Authors: Jessica Gilmore
The look she gave her own car was scathing, which, Gabe thought, was a little rich considering the fuss she had made over him driving it the night before.
‘Aren’t they gorgeous?’ She had jumped out of the car, heedless of the rain, which had lightened to a drizzle, and was trailing her hand over a cream Austin Healey. ‘And look at that Morris Minor, it’s pristine. Wow, what great condition. Somebody loves you, don’t they, baby?’ she crooned.
Crooned. To a car. To an
‘They are very nice,’ Gabe said politely as he joined her. ‘For old cars.’
‘Shh!’ Polly threw him a scathing glance. ‘They’ll hear you. Don’t listen to the nasty man,’ she told the Austin consolingly. ‘He’s French.’
‘We have old cars in France too,’ Gabe said indignantly, stung by the slur to his country. ‘I just prefer mine new.’
She patted his arm consolingly. ‘This might not be the right place for you. Come on.’
It was a new side to Polly. Excited, eager, playful. It was a side he bet her staff never saw, that barely anybody saw.
‘So, where are we?’ Gabe asked as they walked along the chipping-strewn path that took them through a small wooded area and towards the house. Bunting was strung along the path, dripping wet yet defiantly cheerful.
‘Geographically I’m not entirely sure, socially we’re at a vintage festival.’
Clear as mud. ‘Which is?’
Polly stopped and turned. ‘Surely people go to them in France?’
‘Possibly,’ he said imperturbably. ‘I, however, have not.’
‘You are in for such a treat,’ she said, grabbing his arm and pulling him along. ‘There’s usually stalls where you can buy anything old: clothes, furniture, jewellery. And tea and cakes, and makeovers and dancing. Loads of people come all dressed up in their favourite decade, mostly forties and fifties but you do get twenties and sixties as well.’
Gabe looked at her curiously. ‘Do you go to these a lot?’
Her face fell. ‘Not any more,’ she said. ‘Which is a shame because there are loads now, big affairs like this one looks to be. But I did go to a few vintage clubs and smaller affairs when I was at university. I’ve always loved the twenties; you know, flappers and jazz and the art deco style. Everything that was around when Rafferty’s was founded.’
‘Why don’t you go any more?’
She sighed. ‘The usual,’ she said. ‘Time—or lack of. I used to collect nineteen twenties accessories; costume jewellery, compacts, that kind of thing, but I haven’t even wandered into an antique shop for a couple of years. Ooh.’ Her face lit up. ‘This is great timing. We could have a vintage pop-up at Rafferty’s? Our centenary is in just a few years. We could have a whole series of twenties-inspired events leading up to that?’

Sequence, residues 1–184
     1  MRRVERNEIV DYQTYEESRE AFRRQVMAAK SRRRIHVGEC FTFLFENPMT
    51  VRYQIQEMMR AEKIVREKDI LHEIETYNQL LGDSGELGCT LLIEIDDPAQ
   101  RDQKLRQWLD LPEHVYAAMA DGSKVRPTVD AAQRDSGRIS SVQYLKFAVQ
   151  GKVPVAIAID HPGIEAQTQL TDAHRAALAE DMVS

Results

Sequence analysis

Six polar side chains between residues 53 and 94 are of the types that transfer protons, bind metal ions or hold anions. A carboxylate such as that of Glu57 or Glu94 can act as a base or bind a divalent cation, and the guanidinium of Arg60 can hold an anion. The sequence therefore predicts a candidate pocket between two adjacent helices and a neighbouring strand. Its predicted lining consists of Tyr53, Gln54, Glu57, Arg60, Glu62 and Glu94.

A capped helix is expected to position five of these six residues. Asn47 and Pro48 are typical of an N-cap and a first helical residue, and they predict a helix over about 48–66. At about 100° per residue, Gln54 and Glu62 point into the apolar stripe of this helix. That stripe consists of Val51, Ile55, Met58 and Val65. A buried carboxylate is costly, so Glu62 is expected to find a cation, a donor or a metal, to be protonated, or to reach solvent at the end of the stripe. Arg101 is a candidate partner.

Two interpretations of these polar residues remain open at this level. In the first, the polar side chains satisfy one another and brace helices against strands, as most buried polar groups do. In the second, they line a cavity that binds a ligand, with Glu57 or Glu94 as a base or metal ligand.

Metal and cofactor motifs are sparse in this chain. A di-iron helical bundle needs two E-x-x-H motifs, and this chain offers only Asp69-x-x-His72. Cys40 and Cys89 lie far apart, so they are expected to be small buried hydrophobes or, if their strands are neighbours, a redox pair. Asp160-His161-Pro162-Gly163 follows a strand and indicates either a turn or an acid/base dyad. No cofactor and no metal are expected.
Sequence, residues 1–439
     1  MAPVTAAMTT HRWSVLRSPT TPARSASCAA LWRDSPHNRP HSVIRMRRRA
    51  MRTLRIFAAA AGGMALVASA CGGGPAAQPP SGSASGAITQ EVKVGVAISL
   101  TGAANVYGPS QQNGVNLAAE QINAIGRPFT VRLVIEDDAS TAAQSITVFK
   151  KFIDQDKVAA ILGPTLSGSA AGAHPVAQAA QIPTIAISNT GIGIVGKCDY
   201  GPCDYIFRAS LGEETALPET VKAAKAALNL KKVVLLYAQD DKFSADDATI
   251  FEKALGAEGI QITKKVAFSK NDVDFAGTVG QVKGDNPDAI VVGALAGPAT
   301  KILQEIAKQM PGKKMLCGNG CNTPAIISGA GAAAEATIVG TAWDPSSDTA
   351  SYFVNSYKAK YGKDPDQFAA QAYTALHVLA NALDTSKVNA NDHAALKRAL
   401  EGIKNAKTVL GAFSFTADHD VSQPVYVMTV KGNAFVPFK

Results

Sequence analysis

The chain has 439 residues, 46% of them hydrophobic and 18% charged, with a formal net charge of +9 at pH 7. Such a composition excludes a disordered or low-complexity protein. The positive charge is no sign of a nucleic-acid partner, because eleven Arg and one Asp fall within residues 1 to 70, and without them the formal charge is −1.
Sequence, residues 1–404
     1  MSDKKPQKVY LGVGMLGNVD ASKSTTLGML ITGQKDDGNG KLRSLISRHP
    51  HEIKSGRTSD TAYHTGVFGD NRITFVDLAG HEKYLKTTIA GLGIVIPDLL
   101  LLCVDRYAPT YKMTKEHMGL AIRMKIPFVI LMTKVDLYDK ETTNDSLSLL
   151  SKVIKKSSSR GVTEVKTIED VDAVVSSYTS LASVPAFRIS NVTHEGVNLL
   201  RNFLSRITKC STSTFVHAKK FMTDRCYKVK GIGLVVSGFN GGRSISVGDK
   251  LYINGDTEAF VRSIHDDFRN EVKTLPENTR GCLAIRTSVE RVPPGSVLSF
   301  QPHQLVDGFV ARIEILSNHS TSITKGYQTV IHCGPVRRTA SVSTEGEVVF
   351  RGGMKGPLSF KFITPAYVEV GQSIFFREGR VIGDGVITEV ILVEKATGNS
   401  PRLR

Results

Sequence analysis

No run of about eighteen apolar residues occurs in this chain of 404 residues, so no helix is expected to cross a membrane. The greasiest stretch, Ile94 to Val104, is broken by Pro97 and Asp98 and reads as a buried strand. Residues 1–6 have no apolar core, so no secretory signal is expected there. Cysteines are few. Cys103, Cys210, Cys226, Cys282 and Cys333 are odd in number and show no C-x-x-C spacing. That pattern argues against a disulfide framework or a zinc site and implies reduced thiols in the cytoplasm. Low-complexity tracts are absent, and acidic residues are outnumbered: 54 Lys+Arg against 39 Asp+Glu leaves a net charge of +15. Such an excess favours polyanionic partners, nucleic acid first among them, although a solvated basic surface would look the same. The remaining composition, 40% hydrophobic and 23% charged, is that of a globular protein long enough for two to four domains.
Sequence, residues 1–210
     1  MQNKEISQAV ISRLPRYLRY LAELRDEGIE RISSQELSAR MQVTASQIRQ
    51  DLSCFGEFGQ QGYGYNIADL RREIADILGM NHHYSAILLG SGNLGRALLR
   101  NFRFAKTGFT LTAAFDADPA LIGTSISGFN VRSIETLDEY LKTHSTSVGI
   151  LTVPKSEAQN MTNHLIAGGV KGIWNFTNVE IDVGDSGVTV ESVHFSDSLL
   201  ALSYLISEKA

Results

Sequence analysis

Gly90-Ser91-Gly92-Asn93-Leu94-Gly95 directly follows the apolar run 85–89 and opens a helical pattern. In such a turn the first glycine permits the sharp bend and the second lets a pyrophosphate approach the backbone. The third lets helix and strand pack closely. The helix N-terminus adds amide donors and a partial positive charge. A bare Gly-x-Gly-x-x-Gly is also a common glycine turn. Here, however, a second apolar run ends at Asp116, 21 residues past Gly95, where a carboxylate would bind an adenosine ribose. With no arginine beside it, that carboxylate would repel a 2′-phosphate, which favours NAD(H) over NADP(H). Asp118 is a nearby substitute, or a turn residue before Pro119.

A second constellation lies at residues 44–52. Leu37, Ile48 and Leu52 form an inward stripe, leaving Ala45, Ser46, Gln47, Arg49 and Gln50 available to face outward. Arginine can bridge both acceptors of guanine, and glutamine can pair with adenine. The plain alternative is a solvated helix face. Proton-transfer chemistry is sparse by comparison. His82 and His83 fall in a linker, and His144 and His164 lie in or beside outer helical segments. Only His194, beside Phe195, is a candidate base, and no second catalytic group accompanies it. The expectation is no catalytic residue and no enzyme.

Gabe had no intention of still being there in a few years but he could picture it perfectly. ‘Is this just so you can dress up as a flapper?’
‘Of course.’ She looked down at her outfit. ‘Although today I am loosely channelling the fifties. You must have known we were coming here when you picked out the dress.’
Gabe could see the house clearly now; they had ended up at a stately home after all. But this was a place gone back in time, to the middle of the last century if not back to its seventeenth-century roots.
The path had brought them out onto a large terrace at the back of the house overlooking lawns and ornamental gardens that seamlessly seemed to merge into the fields beyond. The furthest lawn was covered with an array of carnival rides, none of which was younger than Gabe, horses going round and round in a never-ending circle, helter-skelters and coconut shies.
Tables and chairs were dotted all around the terrace and lawns, served by a selection of vintage ice-cream vans parked in a row by the entrance gate, some selling the eponymous food, others cream teas, cakes or drinks.
‘It’s beautiful,’ Polly breathed, still hanging onto his arm, her gaze transfixed on the scene before them. ‘Doesn’t everyone look fabulous? We’re completely underdressed, especially you!’
Swing music was coming from the house, clearly audible through the parade of open doors. Parading in and out were people from another era: brightly lipsticked women with elaborate hair accompanied by men in old-fashioned military uniforms. Behind them girls with big skirts and ponytails were chatting to men with Brylcreemed hair and attitude to match. It was all pretty cool—if you were into fancy dress.
It had never been Gabe’s kind of thing. Life was a mystery as it was; why complicate it by pretending to be someone you weren’t? By emulating the lives of those long gone?
‘It’s a good thing the rain’s stopped.’